Operation Gender Blur

Book review


Fifth Estate # 336, Spring, 1991

a review of
Bisexuality: A Reader and Sourcebook edited by Thomas Geller (available for $10.95 from Times Change Press c/o Publishers Services, Box 2510, Novato, CA 94948 or the FE Bookstore)

We are sometimes afraid of the risks which must be taken when we integrate discussions of sexuality and gender into the life of our activist community. It’s rather dangerous to try to define a “politically correct” sexuality for anti-authoritarians. The gay vs. straight or monogamy vs. non-monogamy discussions (and a huge list of other related discussions) should be most familiar to those of us whose lives, identified with communities of resistance, transcend (or defy) a purely political involvement. Discussions of gender and sexuality do have serious implications for our politics (or anti-politics).

The rampant homophobia and anti-gay violence of Amerikan society has a frightening way of spilling over into our communities. The incidents of both sexist and heterosexist harassment that several individuals experienced at the 1989 San Francisco Anarchy-Fest is one sad example. Just as we fight against the ruling class hierarchies of corporations and the state, or the species class hierarchies of polluters and vivisectors, we must fight the sex class hierarchies of traditional patriarchal gender relations.

As Paul Toupe wrote in a review (published in the November 1990 Love & Rage) “If we are truly serious about a revolution, we will join the sissies and the fags in a revolt against the constricting definition of a male sex-class.”

In this context, the anthology Bisexuality: a Reader and Sourcebook, compiled by a self-acknowledged bisexual, comes as an exciting breakthrough.

This collection celebrates and affirms the sexuality of thousands of people—a sexuality which seldom receives positive recognition, if any recognition at all. As one of the contributors, Melinda Witt-stock writes: “To many, real bisexuality doesn’t even exist. Either bisexuals are seen to be going through a ‘phase’ of experimentation before heading back to straightsville, or they’re just in the process of coming out as lesbians or gay men. At the same time, bisexuals often experience the same prejudice and discrimination from the straight community as do lesbians and gay men, although many lesbians and gay men are quick to label bisexuals as privileged—they can cling to the legitimacy of a straight relationship while being able to enjoy the benefits of loving members of the same sex. Bisexuals are not fully accepted by either community, nor do they have a community or identity of their own.” This book is about creating that community and identity.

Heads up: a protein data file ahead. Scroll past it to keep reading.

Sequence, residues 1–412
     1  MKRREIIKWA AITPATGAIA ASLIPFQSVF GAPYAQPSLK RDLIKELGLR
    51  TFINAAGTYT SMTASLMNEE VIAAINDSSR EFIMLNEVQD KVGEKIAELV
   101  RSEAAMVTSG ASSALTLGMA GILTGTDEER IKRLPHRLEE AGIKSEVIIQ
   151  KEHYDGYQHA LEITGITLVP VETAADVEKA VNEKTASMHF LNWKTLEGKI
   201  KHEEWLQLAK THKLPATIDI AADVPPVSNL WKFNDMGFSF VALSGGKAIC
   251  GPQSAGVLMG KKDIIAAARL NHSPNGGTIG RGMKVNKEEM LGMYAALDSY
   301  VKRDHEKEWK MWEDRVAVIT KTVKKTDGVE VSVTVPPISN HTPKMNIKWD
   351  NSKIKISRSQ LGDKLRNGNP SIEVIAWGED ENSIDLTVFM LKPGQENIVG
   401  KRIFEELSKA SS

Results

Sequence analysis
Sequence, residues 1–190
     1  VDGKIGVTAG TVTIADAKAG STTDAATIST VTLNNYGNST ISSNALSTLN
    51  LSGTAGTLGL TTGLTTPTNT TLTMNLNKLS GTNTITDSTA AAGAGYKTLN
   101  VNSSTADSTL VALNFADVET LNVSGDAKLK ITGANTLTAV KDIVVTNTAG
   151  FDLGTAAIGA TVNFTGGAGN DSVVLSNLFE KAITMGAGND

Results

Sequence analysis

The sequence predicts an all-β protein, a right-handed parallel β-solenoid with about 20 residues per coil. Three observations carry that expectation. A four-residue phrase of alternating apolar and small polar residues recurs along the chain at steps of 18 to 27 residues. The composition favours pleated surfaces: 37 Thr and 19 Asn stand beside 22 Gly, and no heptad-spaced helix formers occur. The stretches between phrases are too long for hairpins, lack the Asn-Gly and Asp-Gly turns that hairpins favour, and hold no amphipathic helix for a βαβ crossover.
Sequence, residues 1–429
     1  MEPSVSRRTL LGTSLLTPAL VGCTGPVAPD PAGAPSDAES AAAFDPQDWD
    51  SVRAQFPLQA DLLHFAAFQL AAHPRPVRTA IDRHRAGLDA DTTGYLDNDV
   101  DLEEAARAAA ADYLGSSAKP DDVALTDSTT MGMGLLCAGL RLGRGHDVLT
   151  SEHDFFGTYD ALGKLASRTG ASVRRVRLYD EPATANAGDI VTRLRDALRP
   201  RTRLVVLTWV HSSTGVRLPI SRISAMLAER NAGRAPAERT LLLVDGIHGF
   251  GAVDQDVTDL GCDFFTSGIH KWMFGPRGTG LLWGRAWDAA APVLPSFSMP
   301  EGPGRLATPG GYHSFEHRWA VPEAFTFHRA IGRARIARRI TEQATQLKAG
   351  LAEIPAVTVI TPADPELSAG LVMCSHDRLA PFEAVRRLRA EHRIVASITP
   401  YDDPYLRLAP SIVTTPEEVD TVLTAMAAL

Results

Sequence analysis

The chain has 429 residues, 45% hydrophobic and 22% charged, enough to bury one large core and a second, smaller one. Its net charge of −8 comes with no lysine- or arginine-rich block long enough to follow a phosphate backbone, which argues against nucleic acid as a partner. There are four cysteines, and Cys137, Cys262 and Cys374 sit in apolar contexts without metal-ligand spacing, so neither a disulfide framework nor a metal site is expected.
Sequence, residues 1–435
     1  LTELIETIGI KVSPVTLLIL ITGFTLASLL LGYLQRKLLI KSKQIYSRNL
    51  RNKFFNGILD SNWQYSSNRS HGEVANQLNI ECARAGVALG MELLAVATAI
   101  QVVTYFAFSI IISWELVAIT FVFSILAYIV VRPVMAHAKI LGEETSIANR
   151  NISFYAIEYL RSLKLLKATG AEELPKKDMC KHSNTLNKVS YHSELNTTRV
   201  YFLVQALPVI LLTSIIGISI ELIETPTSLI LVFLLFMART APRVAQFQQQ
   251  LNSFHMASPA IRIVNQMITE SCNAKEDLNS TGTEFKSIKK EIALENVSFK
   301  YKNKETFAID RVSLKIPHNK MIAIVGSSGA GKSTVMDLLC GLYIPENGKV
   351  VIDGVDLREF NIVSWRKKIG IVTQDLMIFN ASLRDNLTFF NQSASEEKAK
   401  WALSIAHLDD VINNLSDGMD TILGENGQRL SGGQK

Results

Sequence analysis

Bisexuality traverses a wide spectrum of writing styles from the creatively playful to the highly academic, examining personal, political and scientific aspects of the issue which is perhaps best described as “trying to live a both/and life in an either/or world.” This book is written for bisexuals rather than about them and leaves the reader with an open-ended understanding rather than a strict definition of what bisexuality is. The diversity amongst bisexuals is emphasized throughout and the notion that bisexuality means sleeping with both sexes equally is dispelled. Sexual styles vary from homosexual to heterosexual, from monogamous to non-monogamous, from celibate to promiscuous, to simply self-sexual.

Bisexuality respects and seeks an alliance with people of a gay or lesbian identity. An excellent article on “biphobia” by Amanda Udis-Kessler deals with the problem of homosexuals viewing bisexuals as “fence-sitters, traitors, cop-outs,” etc. The author points out that bisexuals share fully in the struggle for lesbian and gay liberation and against AIDS, “and not just ‘half the time.’ We don’t get half-gay bashed when we walk down the street with our same sex lovers…”